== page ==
Botulism can occur naturally as a food-borne illness caused by ingestion of pre-formed botulinum toxin, typically types A, B or E from Clostridium botulinum. Clostridium baratii as a causitive agent of human botulism has been reported only rarely in the medical literature(1). We report an unusual case of botulism caused by type F toxin produced by C. baratii.
A 26 year old, previously healthy white man awoke the morning of admission with a complaint of diplopia, then developed shortness of breath and mild dysarthria. He was transferred to our facility after intubation for hypercapneic respiratory failure at another institution. The patient arrived awake and able to follow commands. He remained intubated with no respiratory effort over the ventilator. Physical exam revealed bilateral opthalmoplegia, with bilateral abducens palsies, loss of upgaze, non-reactive 6mm pupils, mild ptosis and weakness of eye closure. Biceps and triceps strength were decreased to 4/5, but all other muscle testing was normal. Sensory and reflex examinations were normal. Admitting laboratories and brain imaging by computed tomography and magnetic resonance were normal. Lumbar puncture revealed elevated protein at 50mg/dL but no other abnormalities. Nerve conduction studies with electromyography found markedly decreased muscle compound action potentials in all muscle groups with normal sensory action potentials and normal repetitive stimulation. The differential diagnosis included Botulism and Miller-Fisher Syndrome. The patient was treated with botulinum anti-toxin against toxins A,B and E. Additionally he received 5 days of IVIG. Stool and serum samples were sent for botulism toxin assay and anti-ganglioside GQ1B antibody. The patient progressed to bilateral upper extremity flacid paralysis but began to recover extremity motor function on day 4. His course was complicated by acute renal failure secondary to osmotic nephrosis from IVIG and a prolonged ileus. He was extubated on hospital day 9 and discharged home on day 20. Botulism toxin assay was positive for type F toxin. Culture suggested C. baratii. Confirmatory testing by the CDC is pending. Anti-GQ1B antibody tests were negative.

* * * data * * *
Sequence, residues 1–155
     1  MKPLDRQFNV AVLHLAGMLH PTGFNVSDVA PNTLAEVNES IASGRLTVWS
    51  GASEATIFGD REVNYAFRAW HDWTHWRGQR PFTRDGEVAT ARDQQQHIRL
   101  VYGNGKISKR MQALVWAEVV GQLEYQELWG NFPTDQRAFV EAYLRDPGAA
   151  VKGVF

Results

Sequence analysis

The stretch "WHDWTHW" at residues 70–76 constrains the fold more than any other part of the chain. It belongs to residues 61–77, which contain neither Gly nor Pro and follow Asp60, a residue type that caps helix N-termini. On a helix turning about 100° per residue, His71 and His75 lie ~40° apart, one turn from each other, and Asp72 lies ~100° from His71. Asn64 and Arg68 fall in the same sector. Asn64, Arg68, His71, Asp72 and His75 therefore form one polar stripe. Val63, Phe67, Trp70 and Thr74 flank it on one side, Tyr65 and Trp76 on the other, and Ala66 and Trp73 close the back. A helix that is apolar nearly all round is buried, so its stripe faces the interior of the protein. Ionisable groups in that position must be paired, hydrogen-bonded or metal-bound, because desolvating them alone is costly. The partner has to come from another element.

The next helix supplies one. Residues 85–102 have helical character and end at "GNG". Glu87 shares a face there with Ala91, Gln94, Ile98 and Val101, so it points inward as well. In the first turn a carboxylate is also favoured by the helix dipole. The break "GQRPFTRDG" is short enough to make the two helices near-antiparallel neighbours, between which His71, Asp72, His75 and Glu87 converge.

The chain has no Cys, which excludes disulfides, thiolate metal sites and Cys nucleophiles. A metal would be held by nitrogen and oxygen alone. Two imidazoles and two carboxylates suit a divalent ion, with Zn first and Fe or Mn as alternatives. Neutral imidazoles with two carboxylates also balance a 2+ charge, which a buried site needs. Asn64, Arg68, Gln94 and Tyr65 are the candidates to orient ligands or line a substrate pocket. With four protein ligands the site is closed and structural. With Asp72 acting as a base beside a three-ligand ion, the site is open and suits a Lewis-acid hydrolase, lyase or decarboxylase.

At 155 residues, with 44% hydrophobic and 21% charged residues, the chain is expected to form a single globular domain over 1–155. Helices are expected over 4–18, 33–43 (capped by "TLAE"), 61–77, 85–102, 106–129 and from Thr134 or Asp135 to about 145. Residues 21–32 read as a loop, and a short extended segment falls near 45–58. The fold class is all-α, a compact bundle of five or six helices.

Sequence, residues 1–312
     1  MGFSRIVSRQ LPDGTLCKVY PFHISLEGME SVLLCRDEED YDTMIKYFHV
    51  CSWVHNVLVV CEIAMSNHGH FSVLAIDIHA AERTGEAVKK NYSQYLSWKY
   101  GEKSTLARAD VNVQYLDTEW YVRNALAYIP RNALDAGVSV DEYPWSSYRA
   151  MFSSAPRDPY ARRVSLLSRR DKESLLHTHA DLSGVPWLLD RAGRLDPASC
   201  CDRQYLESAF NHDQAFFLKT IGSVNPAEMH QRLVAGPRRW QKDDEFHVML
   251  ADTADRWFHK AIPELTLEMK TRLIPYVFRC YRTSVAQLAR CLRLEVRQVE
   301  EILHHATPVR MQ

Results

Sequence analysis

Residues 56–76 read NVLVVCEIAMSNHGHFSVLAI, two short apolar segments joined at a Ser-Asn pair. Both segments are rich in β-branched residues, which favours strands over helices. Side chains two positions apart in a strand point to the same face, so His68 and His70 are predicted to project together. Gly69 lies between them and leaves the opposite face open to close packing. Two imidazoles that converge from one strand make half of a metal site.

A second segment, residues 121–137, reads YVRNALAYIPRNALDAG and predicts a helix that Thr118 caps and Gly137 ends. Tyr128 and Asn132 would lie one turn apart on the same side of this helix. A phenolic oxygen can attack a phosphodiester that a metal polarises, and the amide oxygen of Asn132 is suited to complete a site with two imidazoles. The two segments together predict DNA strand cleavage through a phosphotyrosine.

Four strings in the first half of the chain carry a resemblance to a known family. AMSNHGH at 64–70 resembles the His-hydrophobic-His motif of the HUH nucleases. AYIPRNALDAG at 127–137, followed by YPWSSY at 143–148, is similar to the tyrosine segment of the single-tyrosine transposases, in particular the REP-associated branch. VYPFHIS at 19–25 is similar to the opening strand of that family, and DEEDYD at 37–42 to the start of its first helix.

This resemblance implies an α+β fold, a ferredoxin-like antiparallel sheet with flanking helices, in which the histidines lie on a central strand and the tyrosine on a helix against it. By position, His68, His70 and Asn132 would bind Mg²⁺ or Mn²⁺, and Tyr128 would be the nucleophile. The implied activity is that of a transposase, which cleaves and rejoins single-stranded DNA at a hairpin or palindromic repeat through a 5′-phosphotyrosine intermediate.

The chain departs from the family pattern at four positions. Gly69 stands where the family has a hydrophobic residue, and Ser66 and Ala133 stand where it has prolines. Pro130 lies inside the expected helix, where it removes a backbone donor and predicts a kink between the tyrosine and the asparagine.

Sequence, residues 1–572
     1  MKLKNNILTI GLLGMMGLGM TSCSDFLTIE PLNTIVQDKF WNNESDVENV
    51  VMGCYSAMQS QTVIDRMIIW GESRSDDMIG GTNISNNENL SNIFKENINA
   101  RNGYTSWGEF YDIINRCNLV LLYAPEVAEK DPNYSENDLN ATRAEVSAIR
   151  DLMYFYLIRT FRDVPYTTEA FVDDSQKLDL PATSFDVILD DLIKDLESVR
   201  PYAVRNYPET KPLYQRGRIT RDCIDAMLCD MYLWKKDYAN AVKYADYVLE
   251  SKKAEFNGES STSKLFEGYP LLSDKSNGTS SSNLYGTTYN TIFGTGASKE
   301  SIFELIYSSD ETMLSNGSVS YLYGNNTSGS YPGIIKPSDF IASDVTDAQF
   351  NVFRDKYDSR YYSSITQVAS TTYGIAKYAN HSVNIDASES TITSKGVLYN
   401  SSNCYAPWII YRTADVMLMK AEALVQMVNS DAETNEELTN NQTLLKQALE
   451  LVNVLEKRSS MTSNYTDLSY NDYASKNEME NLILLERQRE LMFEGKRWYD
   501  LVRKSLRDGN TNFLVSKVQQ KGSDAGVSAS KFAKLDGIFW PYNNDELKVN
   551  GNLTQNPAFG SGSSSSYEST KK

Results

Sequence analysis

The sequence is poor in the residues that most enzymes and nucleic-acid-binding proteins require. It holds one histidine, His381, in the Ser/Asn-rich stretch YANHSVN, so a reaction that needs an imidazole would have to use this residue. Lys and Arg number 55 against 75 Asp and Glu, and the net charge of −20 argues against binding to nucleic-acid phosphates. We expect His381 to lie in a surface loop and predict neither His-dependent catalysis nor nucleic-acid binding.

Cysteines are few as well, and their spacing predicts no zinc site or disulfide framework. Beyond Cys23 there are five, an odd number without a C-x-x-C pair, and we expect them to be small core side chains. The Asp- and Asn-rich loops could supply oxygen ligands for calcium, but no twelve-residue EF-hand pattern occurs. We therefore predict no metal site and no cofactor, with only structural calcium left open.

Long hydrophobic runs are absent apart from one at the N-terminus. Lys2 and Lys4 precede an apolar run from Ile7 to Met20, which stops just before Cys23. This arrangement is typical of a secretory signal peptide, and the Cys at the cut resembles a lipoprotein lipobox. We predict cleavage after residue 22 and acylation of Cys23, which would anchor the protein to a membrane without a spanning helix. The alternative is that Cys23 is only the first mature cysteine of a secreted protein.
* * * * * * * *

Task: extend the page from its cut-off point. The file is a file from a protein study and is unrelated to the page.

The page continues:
Botulism is caused by neurotoxins produced by the organisms C. botulinum, C. baratii or C. butyricum against proteins involved in synaptic vesicle release. Food-borne illness from botulinum toxin is rare, with only 33 reported cases in the United States in 2001(2). Food-borne illness from C. baratii type F toxin is even more unusual, with only 4 reported cases(1). Compared with classic Botulism from C. botulinum type A toxin, type F toxin may produce a much shorter clinical course, approximately 7 days, as noted in our patient and in previously published case reports(1). This difference may be due to the differential rates of replacement of the cleaved neuronal proteins. C. baratii type F toxin cleaves synaptobrevin, while type A toxin cleaves synaptosomal-associated protein of 25 kilodaltons (SNAP-25). Both proteins participate in synaptic vesicle release. In experimental rat cerebellar neuron preparations, synopatobrevin function is restored within 7 days while restoration of SNAP-25 function requires greater than 30 days(3). Finally, anti-toxin against type E toxin may provide benefit in type F toxin disease due to toxin heavy-chain sequence homology(1).
This patient developed Botulism secondary to a rare toxin. The unique characteristics of type F toxin and its site of action provide insight into the clinical course of this patient.
D.S. Hagg, None.